Attorneys Thomas Brown and Patrick Delong from the law firm Marshall Dennehey Warner Coleman & Goggin discuss differences between regular automobile cases and rideshare cases and the types of claims that result from them.
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John Czuba: Welcome to “Best’s Insurance Law Podcast,” the broadcast about timely and important legal issues affecting the insurance industry. I’m John Czuba, Managing Editor of Best’s Insurance Professional Resources.
Today, we’re speaking with Thomas Brown and Patrick DeLong, co-chairs of the Rideshare Liability Practice Group at Marshall Dennehey Warner Coleman & Goggin.
As members of the firm’s casualty department, both men are highly experienced in the area of automobile negligence and have handled hundreds of cases involving bodily injury, uninsured motorist claims, and high exposure cases involving wrongful death and catastrophic injuries.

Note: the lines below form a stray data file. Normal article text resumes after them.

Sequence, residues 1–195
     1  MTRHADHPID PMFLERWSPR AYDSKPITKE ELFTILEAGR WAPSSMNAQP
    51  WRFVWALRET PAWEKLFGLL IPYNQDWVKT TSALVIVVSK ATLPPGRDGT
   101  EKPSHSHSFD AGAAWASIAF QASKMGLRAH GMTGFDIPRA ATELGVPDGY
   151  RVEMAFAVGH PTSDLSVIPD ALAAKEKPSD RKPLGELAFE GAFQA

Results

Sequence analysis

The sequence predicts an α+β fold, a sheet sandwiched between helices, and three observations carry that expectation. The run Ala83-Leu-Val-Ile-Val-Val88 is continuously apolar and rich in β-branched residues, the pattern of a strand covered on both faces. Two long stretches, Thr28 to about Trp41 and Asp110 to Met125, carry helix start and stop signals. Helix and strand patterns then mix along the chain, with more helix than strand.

They bring this experience to the emerging area of rideshare liability, where they defend rideshare drivers and insurers in complex, catastrophic rideshare cases. Gentlemen, welcome to our show this morning.
Tom Brown: Thanks, John.
Patrick DeLong: Thanks, John.
John: Today’s podcast is the complexity and complications associated with rideshare litigation. Tom, we’ll start our questions with you today. First off, can you tell us a little bit about the Rideshare Liability Practice Group at Marshall Dennehey — why a specific practice group devoted to this area?